Later that day the Scot and I bought tickets for a sunset boat ride. As we waltzed away, a small Indian man who looked like a cross between Jesse James and Chris Brown materialized like Merlin and hooked my hand. He wore all black, his ebony hair slicked back, and an obese gold chain hovered around his neck.
"My name is Ammu. It means love. Come inside my shop! I give you free exam."
I shrugged at the Scot, he smiled, and we followed Ammu into his Ayurvedic shop as submissive as prostitutes.
Ammu monkey-latched onto the area between my thumb and forefinger with his thumb and forefinger.
His eyes wavered like a bisexual's carnal preference. I couldn't decide if he looked like he was having a seizure or being possessed by Casper the ghost. The Scot's face creased into mirth. He looked like a child had just asked him if his wife had two breasts because one produced hot milk and the other cold.
"I know what wrong with you!" Ammu exclaimed five minutes later, eyes shining like a bald man's head and lips slowly spreading back over beetlejuice tobacco stained teeth. He released my hands, leaned back, and clasped his own like a sixty-year-old professor.
"You have crooked back, and one leg too short. One leg longer than other."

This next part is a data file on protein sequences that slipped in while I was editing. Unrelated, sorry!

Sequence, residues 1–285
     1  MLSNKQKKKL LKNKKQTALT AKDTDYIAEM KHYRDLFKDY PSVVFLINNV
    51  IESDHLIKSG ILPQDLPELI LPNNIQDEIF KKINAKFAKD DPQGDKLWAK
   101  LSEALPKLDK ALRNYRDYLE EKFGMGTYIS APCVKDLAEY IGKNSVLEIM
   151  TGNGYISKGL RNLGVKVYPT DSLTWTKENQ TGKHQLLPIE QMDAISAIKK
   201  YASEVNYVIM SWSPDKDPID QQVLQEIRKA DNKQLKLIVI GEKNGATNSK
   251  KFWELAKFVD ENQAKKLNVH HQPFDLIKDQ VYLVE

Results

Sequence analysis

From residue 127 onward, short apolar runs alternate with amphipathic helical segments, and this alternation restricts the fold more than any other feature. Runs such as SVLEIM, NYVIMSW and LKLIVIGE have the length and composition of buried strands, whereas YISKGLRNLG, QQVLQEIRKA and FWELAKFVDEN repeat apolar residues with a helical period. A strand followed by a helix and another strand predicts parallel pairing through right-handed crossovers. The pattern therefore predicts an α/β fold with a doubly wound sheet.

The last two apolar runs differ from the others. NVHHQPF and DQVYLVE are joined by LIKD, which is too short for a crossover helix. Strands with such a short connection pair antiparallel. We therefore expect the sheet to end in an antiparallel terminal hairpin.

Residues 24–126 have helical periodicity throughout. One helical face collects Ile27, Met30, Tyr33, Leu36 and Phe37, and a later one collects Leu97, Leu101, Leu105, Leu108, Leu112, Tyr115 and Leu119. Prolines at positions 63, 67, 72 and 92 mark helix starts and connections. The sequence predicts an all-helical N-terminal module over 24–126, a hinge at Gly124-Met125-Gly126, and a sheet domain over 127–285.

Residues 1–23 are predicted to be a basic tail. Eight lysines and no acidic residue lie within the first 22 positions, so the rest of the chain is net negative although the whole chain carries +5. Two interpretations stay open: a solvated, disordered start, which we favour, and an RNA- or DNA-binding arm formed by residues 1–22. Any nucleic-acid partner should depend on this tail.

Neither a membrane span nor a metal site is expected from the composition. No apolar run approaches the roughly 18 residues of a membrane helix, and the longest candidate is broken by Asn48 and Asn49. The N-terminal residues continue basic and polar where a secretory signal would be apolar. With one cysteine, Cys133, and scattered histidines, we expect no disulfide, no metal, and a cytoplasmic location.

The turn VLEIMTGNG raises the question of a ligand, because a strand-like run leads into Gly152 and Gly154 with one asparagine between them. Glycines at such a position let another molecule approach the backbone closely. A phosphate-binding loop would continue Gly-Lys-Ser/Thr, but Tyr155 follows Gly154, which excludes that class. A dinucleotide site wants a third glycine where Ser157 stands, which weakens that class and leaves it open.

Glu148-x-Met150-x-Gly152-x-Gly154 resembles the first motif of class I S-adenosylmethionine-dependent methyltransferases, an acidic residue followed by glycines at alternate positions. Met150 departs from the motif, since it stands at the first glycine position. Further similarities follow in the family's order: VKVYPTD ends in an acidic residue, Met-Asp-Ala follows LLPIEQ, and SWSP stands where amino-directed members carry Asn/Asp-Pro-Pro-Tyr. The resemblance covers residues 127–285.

I choked on the water I was sipping.
"Oh no no no, I'm actually very healthy, no problems."
"You have pain here?" he asked, pointing to the right leg on a body chart hanging on the wall.
"No, no pain."
"Here?" this time to the lower back.
"No, I told you, no pain."
"Here?" to an arm.
"Here?" to the neck.
"No no, I told you, no pain."
"You have crooked back and too-short leg. I know how to fix. You eat two almonds in morning and two in water glass. Cover glass. Next morning, take off outside of almonds. Then you crush and put in glass of milk. Drink milk with almonds inside. And every day, two drops of coconut oil in... what's this?" he asked.
"Yes. Belly button. Two drops coconut oil in... what's this?"
"Yes. Almonds and coconut oil fix back and make leg grow," he said, chocolate eyes brimming and his face as serious as the plague.
We levitated to leave and he kidnapped my hand again.
"Your Indian name is Cushy!" he announced.
"Cushy? But I'm not fat anymore!" I five-year-old whined.
"Yes, Ksushi. It means happy."
"Oh great. Cushy. That's just fantastic."
For the next three days he would banshee-shriek "Cushy" and rush over to me like I was Ghandi.
As we paced towards the door he rocketed into song. If Dr. Seuss sang and was a robust Indian man, he would be Ammu.
No thank you no sorry
No hurry no worry
No chicken no curry
No clock tower full power twenty-four hour
No toilet no shower
No woman no cry
No sugar no chai
This melody was as cryptic as the Bible.
"Where's the tiger?" I asked.